No area of the world has been more involved in military matters during the last half century than has the Middle East. The region has seen seven Arab-Israeli wars; three wars involving Iraq and two more in Afghanistan; as well as civil wars in Lebanon, Libya, Algeria, Yemen, Syria, and among Palestinians; and insurgencies in several other places. Several of these wars-most notably the last one in Iraq and the Afghan ones-involved direct Western intervention.
In addition, however, the military has been either the direct ruler of many countries, including Turkey among others, or the main pillar of the regime. Military coups, successful or otherwise, took place in Egypt, Iraq, Syria, Libya, Algeria, and Jordan. Thus, the armed forces, their equipment, demands, goals, and other seemingly purely military issues have also become prime political determinants of Middle Eastern history.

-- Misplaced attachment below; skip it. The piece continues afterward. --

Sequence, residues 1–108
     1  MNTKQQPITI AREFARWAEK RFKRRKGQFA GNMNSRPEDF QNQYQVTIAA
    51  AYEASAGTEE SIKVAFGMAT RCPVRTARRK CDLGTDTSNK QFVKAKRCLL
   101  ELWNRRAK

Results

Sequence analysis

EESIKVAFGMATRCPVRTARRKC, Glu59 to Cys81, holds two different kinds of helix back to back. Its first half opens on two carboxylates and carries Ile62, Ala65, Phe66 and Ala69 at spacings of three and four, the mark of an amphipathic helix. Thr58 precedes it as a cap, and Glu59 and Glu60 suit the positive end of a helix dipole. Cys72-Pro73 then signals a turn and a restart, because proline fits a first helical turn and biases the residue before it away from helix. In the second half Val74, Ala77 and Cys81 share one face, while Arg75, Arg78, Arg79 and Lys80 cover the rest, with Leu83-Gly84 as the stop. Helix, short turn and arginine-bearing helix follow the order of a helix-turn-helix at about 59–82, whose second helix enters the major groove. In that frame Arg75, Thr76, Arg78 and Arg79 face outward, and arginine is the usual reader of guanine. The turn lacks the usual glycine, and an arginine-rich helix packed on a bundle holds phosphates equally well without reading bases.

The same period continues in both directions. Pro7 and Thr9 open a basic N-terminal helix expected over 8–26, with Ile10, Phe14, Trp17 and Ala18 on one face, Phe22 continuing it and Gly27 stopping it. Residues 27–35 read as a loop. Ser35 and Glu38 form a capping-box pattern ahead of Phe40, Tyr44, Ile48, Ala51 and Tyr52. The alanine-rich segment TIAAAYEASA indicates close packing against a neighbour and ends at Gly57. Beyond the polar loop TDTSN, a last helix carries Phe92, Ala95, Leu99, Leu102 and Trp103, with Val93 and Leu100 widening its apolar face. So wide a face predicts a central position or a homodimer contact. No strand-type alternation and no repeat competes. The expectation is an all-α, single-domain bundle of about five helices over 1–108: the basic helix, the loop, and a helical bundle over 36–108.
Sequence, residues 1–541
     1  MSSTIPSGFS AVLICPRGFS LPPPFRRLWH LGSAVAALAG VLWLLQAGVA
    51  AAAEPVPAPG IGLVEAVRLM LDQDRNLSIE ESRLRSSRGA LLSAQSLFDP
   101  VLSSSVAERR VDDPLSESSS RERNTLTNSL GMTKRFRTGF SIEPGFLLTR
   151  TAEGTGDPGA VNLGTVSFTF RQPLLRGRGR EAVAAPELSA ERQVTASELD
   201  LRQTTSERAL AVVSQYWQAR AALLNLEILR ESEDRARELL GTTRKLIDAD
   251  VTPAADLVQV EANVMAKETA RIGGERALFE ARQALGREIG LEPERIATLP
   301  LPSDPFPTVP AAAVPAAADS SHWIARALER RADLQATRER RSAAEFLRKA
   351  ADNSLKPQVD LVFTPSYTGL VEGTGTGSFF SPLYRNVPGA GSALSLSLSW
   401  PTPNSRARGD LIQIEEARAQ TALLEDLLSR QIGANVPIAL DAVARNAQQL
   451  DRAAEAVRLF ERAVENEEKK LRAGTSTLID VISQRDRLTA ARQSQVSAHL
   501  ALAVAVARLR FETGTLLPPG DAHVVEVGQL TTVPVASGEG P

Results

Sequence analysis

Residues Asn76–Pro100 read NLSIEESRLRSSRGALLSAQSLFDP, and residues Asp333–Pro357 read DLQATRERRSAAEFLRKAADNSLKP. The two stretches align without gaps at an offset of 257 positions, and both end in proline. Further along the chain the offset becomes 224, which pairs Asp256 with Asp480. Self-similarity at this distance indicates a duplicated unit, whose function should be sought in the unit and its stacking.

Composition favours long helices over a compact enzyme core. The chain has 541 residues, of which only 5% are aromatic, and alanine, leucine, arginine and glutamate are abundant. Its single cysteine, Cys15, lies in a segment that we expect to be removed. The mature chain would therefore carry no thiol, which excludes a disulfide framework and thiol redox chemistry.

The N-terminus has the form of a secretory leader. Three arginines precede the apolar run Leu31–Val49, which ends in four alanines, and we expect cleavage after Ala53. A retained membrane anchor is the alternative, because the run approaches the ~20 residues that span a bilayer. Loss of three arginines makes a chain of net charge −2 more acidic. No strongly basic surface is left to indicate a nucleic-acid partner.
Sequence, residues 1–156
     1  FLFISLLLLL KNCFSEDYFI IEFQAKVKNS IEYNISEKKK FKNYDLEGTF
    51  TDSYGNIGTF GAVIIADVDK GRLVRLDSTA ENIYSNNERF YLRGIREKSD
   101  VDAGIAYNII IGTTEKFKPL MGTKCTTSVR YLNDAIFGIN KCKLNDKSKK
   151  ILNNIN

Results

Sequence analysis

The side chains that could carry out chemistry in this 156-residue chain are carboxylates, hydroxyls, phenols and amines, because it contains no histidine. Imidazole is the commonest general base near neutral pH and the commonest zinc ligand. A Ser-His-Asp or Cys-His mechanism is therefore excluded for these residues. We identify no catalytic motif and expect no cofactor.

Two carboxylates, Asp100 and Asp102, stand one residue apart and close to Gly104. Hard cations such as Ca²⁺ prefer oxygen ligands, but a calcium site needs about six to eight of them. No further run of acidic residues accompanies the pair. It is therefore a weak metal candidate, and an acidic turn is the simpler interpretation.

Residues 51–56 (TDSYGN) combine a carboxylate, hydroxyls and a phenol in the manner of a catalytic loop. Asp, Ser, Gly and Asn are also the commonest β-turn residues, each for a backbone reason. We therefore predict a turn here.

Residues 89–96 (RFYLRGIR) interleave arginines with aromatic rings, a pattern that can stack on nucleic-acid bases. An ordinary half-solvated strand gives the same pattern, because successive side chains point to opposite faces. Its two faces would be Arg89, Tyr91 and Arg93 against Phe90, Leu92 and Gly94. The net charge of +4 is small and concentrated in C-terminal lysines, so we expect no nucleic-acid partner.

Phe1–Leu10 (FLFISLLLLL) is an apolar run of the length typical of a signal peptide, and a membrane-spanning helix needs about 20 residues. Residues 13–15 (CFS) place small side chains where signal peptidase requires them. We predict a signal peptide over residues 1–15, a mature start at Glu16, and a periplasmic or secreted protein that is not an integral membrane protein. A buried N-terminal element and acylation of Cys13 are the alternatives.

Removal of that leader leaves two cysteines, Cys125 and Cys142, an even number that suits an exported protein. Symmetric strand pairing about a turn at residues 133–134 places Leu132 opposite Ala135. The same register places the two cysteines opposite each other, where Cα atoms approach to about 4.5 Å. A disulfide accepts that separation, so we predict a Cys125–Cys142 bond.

This new Routledge collection offers a survey of the scholarly work across the range of twentieth- and twenty-first-century regional history that puts these events together in a systematic context and provides a wide range of views and opinions. Comprehensively covering military history of the past hundred years, this title includes such topics as both world wars, the Turkish-Greek conflicts, Arab nationalism, the Arab-Israeli conflicts, and the post-2003 fighting in Iraq. Contains 4 Hardbacks